Between 2 and 3, your child's social skills slowly emerge. Though her interactions are primitive, her peer contacts at this stage are significant.
Although infants may stare at and touch each other, the year from age 2 to 3 is when true social skills, albeit tentative ones, emerge. This early sociability may not be readily apparent, however.
If your newly turned 2-year-old takes part in regular playdates, he may seem barely to notice the other children involved -- except, perhaps, when someone grabs his toy. That's because most socializing is still parallel play, in which children play next to, but not really with, each other.
Sharing also remains difficult. The concepts of me and mine are linked closely to the toddler's blossoming sense of self, so conflicts over toys and other possessions among 2-year-olds are inevitable. Biting, hitting, and pushing are some of the unpleasant but likely consequences, and "No, mine!" is an often-heard protest. As the year goes on, however, your child will begin to interact more cooperatively. Older toddlers start to use their burgeoning imaginations to role-play together, creating brief tea parties or superhero escapades.
But even when play seems primitive or fraught with conflict, you shouldn't underestimate the importance of your 2-year-old's peer contacts. Research shows that children as young as 20 months begin to form relationships. They clearly prefer to play with certain friends, and the main object of their affection usually reciprocates.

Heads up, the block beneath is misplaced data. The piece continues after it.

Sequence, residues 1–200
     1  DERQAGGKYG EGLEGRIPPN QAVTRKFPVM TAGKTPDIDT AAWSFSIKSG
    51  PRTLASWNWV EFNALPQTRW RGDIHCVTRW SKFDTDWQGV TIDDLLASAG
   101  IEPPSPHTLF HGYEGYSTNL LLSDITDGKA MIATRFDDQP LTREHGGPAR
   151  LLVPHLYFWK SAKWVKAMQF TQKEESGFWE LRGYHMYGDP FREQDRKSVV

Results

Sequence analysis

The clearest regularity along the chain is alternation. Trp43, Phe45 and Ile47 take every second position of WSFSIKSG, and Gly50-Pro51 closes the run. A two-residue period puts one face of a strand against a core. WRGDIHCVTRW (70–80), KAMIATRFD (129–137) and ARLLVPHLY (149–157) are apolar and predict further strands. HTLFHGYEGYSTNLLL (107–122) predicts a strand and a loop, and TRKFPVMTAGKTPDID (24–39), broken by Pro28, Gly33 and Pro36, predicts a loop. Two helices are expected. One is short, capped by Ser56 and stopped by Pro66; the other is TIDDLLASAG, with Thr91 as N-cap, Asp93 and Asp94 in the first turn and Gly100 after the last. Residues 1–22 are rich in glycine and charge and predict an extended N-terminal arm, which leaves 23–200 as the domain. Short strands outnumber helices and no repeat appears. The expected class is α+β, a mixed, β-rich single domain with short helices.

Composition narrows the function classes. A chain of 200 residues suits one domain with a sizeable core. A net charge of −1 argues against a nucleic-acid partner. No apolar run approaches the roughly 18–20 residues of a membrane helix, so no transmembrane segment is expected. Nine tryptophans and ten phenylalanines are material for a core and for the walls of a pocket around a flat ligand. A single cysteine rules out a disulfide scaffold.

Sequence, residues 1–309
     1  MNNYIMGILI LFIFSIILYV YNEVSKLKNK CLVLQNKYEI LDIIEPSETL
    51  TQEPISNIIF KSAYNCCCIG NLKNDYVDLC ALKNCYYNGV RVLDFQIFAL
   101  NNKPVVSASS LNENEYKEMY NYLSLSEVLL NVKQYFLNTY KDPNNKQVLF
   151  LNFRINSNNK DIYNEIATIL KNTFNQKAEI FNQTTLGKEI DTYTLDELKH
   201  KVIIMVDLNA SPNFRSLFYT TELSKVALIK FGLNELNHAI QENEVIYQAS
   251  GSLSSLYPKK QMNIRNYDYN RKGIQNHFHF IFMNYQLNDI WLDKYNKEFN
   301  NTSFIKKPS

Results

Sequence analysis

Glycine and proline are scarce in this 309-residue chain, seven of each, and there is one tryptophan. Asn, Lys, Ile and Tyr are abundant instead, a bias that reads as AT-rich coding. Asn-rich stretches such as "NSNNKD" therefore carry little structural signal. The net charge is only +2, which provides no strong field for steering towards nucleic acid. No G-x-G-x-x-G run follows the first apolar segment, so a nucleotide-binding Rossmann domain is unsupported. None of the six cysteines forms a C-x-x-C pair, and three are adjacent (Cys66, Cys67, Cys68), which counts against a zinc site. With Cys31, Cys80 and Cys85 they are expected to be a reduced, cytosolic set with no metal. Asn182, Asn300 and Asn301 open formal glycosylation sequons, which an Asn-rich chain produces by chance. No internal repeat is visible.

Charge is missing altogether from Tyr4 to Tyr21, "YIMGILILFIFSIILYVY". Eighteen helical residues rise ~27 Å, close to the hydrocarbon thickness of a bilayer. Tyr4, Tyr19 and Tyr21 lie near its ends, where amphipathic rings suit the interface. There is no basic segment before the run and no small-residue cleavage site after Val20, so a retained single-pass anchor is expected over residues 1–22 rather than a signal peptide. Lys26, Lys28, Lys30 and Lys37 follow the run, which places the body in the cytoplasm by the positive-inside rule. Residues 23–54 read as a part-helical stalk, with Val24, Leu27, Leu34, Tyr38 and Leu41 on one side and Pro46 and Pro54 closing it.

By now your child probably knows about 300 words. She may not be able to use them all, but she understands their meaning. As language skills zoom skyward, most 2-year-olds revel in their new capabilities and chatter nonstop, much to the entertainment of Mom and Dad. Sentences rapidly lengthen from rudimentary two- or three-word utterances at the beginning of the year to more complicated constructions, complete with pronouns, prepositions, and articles, as your child approaches the age of 3.
The word "I" may not enter your child's vocabulary until she's 2 1/2 or older. And although it's natural for you to want to correct the many grammatical mistakes she will make now, it's important to refrain from doing so. Too much correcting will undermine her confidence; instead, model appropriate use of language so that your child hears for herself what's right.
While language skills at this age are significant, most of the information your child takes in still comes from her primary senses-touch, sight, hearing, taste, and smell. She's constantly seeking new experiences to understand the world around her better, so it's important to provide her with a stimulating and safe play environment.
Attention span lengthens this year, and many more sophisticated concepts are within the 2-year-old's grasp. Some, however, such as the difference between animate and inanimate objects, may elude him. "Bye-bye, swings. Bye-bye, slide," your child may say upon leaving the playground.
Another capacity that expands this year is sense of humor. The knee-slappers that send a 2-year-old into gales of laughter may not seem particularly funny to adults, but the child's reaction surely will. He'll begin to find incongruities highly amusing, announcing, for instance, "I'm going to eat a fire truck for breakfast!" and then convulsing with laughter.
All content here, including advice from doctors and other health professionals, should be considered as opinion only. Always seek the direct advice of your own doctor in connection with any questions or issues you may have regarding your own health or the health of others.